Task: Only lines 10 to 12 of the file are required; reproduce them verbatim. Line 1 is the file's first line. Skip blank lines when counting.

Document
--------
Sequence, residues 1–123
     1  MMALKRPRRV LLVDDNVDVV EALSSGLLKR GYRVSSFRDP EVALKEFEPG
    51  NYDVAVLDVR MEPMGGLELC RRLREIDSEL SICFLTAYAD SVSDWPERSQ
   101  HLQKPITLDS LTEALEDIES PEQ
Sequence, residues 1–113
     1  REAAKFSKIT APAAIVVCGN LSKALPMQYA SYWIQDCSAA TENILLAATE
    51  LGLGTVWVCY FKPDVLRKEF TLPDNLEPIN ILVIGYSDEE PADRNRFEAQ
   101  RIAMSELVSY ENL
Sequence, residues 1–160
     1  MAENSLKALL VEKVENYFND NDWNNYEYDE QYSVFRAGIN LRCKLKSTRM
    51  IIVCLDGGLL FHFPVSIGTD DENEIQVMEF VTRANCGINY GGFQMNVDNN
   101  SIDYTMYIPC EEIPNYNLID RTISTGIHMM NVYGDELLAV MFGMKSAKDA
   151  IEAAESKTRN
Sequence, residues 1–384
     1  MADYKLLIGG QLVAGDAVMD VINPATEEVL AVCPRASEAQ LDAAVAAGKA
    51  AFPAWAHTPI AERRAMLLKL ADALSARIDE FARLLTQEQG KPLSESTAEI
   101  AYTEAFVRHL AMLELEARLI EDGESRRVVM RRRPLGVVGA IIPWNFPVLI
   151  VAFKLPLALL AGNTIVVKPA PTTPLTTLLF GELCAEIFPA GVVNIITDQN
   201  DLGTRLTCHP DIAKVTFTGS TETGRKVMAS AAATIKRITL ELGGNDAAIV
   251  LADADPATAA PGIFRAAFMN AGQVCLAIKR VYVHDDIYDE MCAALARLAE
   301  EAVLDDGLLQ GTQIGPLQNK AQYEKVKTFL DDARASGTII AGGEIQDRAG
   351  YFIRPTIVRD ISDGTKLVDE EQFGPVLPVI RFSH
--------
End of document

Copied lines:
     1  MAENSLKALL VEKVENYFND NDWNNYEYDE QYSVFRAGIN LRCKLKSTRM
    51  IIVCLDGGLL FHFPVSIGTD DENEIQVMEF VTRANCGINY GGFQMNVDNN
   101  SIDYTMYIPC EEIPNYNLID RTISTGIHMM NVYGDELLAV MFGMKSAKDA